f we build it, will they come? Many cities across the country like Vancouver and Toronto are accustomed to smaller living spaces or micro-apartments, especially when it comes to student or senior living accommodations.
Locally, we don’t have a lot of options that would fall into this same category, especially when trying to meet affordable housing rental rates. The question is if we did have scaled back living arrangements with shared facilities would this be a popular choice?
According to the Canada Mortgage and Housing Corporation (CMHC) or Manitoba Housing if you want new housing that is affordable it will have to be subsided by the provincial, federal or municipal governments (or all three).
The notion of building 1,000+ square foot, two-bedroom units as affordable housing is not sustainable unless it is subsidized by more than one level of government. The reality is that the cost to produce these units is over $180,000 per unit and therefore the costs would not allow for the rent to be in the affordable range. This was supported by the recent report released by the University of Winnipeg Community Renewal Corporation.
Building micro-apartments would help to reduce land and construction costs, which in essence would bring the rent on a new unit down to the affordable level as defined by CMHC for Brandon. In addition, having micro apartments would help to free up larger, slightly more expensive units for families and those who need the extra space.
This is where property developers must take into consideration marketability and sustainability of proposed micro-apartments.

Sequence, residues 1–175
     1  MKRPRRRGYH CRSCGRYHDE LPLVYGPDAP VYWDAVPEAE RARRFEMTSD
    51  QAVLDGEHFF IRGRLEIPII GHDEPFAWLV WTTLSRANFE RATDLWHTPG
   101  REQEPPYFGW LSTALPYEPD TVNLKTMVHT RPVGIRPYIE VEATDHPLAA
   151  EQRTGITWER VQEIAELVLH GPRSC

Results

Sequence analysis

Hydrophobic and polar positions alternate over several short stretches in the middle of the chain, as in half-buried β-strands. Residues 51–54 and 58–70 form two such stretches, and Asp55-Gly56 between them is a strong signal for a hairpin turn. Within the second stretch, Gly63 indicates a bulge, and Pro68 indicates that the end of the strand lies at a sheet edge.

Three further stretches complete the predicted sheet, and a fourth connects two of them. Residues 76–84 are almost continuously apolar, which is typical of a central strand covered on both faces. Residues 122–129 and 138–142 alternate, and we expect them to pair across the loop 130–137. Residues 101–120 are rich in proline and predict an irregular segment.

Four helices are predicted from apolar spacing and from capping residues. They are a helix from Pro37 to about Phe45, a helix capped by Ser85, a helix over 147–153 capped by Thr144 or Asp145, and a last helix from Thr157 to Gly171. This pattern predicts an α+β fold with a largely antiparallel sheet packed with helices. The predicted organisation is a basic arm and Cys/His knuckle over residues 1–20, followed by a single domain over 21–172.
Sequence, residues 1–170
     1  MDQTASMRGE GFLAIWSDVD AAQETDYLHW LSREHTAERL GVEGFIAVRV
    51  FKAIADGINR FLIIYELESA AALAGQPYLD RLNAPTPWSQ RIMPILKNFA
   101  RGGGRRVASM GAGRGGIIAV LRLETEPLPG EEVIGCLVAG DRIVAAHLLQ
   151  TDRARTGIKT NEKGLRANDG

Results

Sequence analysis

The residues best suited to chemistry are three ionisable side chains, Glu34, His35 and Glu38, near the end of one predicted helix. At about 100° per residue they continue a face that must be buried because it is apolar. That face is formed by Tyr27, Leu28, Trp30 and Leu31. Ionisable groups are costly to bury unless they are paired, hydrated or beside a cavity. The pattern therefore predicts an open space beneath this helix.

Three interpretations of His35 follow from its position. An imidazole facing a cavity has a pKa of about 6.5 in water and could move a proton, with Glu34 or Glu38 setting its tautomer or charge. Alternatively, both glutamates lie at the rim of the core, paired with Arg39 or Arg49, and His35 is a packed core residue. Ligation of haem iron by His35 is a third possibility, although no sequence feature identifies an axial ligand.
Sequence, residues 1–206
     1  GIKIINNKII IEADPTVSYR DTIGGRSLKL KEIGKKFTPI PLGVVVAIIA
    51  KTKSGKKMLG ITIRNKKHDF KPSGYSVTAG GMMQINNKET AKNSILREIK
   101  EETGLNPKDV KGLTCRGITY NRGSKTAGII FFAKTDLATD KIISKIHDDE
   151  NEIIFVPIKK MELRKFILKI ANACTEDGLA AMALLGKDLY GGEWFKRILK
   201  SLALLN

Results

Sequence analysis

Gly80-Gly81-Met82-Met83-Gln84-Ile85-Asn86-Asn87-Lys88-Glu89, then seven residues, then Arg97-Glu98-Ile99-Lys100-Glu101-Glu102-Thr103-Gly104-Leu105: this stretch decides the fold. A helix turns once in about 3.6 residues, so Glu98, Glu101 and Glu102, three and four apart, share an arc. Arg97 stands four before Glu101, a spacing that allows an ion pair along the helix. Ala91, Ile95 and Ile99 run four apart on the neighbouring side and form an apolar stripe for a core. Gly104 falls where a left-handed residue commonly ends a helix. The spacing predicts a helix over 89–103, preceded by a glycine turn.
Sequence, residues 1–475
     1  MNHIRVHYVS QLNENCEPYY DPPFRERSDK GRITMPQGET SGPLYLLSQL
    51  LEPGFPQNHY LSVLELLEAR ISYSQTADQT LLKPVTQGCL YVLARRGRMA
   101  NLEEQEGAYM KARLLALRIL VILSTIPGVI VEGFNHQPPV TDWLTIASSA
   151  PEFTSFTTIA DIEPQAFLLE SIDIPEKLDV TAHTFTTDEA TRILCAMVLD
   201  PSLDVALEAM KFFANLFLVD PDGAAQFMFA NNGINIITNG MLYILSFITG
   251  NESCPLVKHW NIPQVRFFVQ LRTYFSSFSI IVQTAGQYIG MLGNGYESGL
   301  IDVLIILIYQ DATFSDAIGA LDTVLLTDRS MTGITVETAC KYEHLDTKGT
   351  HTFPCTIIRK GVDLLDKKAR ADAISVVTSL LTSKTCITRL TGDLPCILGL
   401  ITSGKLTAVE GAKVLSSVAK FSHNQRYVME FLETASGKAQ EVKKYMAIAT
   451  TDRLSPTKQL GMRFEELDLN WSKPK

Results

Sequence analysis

Interestingly, some of the highest demand apartments within the Vionell Holdings’ portfolio are one-bedroom apartments (just 613 square feet) at Arbutus Place located in a residential area in the south end of Brandon. They rent for $975-1000 per month plus hydro.
As the market is explored, we wonder if renters would be interested in ground level, one-bedroom apartments with shared washroom facilities (perhaps shared with four other units) for only $800 per month.
Many of us are used to living in a fair bit of space. However, we have to ask ourselves, does a post-secondary student or independent, active senior need a 1000 square foot apartment or would they be willing to sacrifice space in order to achieve lower housing costs?
Vionell Holdings Partnership (VHP) provides rental housing and property management for an array of residential and commercial customers, including Condominium Management. VHP currently has over 3,500 units under management in Manitoba. For more information please visit www.vhproperties.ca.